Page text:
After the 2-0 defeat to Argentina, Italy rebounded with intent to correct wrongs against an in form England at Wembley stadium. Italy manager; Di Biagio, whilst not content with the defeat also relented the pessimistic tone and eulogised that, “We must do better than in Manchester but we’re on the right path”
Indeed that sense of optimism was evident in the early exchanges and Italy pushed high up the field, pushing forward the wing backs to outnumber the England defence, thus creating numerous chances and forcing errors from the English back line. However, unfortunately for the Azzurri, the same afflictions arose once more as Immobile and Parolo failed to hit the target to spare English blushes.
Eventually England woke up and started to press forward themselves, eventually creating an opportunity for Vardy to slot past the young Donnarumma in goal, who had largely been quiet for most of the first half. The remainder of the half was relatively even, although the Italian formation continued to cause problems for the English defence. The Italians on their part had neat interchange of play and quick and slick passing which would break down at the final pass more often than not, whilst they pressed with Insigne and Immobile to break in behind England through long balls from Bonucci, Rugani and company in defence.
Although, the first half saw Italy on the front foot and were able to contain England for the most part, the scoreline would lay siege to any notion that all is well with the Italian revival…however these are early days and another 45mins was there to break the English hearts and minds.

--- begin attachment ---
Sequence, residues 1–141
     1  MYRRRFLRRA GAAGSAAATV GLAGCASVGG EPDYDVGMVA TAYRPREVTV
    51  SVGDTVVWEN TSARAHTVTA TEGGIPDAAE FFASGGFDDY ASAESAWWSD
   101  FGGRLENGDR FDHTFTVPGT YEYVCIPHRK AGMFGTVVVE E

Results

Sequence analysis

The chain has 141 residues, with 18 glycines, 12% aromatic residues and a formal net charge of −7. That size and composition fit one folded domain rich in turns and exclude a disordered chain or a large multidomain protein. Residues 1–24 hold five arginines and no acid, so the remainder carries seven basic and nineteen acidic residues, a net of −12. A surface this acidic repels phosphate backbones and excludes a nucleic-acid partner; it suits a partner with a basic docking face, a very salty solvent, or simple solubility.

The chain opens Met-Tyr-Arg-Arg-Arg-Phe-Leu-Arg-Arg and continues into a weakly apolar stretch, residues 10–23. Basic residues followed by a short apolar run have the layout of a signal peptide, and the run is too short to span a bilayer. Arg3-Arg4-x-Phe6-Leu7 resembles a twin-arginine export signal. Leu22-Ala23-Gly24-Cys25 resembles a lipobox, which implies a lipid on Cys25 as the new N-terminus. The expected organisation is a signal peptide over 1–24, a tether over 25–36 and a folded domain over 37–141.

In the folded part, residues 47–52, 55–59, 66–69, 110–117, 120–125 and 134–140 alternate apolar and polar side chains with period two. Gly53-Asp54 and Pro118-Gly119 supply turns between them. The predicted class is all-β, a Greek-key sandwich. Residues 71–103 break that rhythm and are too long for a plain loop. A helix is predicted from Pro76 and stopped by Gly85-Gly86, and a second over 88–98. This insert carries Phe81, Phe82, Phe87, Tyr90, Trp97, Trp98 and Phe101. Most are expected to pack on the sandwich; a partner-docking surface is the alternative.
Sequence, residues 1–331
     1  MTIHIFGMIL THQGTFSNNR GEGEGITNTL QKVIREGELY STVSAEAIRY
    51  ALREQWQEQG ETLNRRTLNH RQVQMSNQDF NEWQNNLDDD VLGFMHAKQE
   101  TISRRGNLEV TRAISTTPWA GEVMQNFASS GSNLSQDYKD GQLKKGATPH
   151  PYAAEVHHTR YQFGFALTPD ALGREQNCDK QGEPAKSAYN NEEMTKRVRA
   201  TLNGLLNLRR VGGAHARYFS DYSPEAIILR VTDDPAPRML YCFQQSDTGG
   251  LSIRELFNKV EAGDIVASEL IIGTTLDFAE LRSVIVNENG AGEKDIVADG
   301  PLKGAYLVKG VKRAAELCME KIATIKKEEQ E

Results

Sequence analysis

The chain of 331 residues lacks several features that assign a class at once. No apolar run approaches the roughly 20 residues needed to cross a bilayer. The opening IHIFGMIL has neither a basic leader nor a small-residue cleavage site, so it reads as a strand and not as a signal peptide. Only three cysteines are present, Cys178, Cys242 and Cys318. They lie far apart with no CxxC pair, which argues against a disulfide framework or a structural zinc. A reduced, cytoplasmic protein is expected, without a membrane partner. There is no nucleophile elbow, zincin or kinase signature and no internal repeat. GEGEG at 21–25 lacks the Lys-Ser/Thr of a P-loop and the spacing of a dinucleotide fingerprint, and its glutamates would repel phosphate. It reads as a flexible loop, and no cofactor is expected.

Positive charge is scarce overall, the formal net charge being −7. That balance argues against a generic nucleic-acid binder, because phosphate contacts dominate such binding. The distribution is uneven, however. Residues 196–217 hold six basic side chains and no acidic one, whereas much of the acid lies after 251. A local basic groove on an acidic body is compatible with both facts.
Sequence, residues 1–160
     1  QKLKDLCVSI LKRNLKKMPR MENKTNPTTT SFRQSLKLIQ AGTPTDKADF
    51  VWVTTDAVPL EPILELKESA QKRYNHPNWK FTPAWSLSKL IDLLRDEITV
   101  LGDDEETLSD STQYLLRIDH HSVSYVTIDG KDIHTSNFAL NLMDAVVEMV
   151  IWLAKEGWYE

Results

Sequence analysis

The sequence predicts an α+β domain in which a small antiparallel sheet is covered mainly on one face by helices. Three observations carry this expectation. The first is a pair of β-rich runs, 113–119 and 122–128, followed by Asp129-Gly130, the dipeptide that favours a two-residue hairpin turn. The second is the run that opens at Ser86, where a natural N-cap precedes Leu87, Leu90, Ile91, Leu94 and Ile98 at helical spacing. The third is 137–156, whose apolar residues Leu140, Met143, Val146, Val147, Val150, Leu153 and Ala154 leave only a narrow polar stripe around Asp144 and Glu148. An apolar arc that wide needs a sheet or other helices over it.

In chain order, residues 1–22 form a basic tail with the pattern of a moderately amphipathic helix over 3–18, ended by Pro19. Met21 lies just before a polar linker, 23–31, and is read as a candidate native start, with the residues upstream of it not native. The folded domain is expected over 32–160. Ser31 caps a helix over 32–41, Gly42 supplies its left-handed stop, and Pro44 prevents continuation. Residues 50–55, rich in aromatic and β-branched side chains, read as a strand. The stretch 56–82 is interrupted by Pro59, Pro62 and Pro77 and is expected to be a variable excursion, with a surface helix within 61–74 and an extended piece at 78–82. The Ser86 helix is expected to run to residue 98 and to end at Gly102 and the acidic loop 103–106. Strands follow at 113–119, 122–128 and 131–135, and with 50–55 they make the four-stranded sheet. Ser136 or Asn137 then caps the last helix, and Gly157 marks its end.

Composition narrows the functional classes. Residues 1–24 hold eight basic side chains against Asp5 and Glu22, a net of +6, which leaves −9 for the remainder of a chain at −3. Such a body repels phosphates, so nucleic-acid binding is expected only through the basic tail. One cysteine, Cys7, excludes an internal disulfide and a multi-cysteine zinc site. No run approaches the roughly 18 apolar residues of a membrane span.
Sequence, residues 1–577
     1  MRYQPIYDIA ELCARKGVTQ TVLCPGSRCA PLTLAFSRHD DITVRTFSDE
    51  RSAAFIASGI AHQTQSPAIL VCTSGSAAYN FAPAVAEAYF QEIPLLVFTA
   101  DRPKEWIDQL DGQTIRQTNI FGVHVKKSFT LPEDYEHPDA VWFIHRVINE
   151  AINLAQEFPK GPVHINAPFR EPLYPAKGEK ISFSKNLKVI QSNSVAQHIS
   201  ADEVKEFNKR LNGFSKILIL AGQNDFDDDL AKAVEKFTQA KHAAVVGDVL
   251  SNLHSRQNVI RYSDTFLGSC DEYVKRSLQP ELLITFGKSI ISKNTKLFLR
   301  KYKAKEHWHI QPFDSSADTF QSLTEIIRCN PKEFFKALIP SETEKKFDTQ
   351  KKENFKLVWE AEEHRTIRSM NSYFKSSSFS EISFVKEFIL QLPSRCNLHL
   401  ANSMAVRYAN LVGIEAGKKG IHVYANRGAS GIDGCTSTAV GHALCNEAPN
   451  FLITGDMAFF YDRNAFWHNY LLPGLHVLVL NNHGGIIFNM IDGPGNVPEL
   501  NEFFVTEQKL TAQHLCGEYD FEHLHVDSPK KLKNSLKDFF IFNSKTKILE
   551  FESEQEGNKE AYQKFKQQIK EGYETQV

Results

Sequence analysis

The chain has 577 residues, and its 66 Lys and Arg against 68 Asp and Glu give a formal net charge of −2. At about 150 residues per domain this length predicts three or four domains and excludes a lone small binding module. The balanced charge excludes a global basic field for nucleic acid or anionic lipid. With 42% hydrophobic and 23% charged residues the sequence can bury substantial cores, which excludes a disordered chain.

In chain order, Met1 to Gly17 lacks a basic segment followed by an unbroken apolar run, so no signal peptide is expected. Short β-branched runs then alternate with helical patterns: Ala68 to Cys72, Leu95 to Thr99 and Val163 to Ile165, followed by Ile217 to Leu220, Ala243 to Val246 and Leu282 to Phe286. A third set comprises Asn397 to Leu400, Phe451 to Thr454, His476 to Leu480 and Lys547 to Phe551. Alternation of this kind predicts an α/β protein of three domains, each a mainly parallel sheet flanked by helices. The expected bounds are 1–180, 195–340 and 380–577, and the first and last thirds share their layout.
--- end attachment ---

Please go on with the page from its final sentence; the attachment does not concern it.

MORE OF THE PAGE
The second half started and England probed and largely dominated the early exchanges whilst Italy persisted with long ball searching passes that invariably were overhit. Not the guile and accuracy that one would normally associate with the Italian style…but these are strange times which call for stranger measures…but Di Biagio would counter with pleas for patience as Italy need to grow their wings again.
Whist Jorginho fared reasonably well in centre midfield, the Italians were missing the industry, composure and the ‘eye for a pass’ from the PSG man; Marco Verratti. As the half progressed, Italy were forced into more defensive posturing and Donnarumma made some regulation saves but which did not test. Overall Italy were missing the finished product to their game…not only in finishing in front of goal but also with their final pass either out of defence or moving forward.
Candreva and Immobile were both substituted before reaching the 65th minute and replaced by Chiesa and Belotti in the 56th and 64th minute respectively, however Italy still looked rather dysfunctional and bereft of ideas in the final third, however England continued to display confidence and created more opportunities that should have put the game to bed.
For all of the English industry, Italy did not give up the fight although they were lacking the composure in centre midfield that would control the tempo of the game…oh how they wished that Pirlo could wind back the years! Whilst there was undoubted purpose in the Azzurri game, Di Biagio was missing that pure blue hero to take the fight to any invading Hannibal…Italy remained optimistic but overall were flaccid in their final engagements.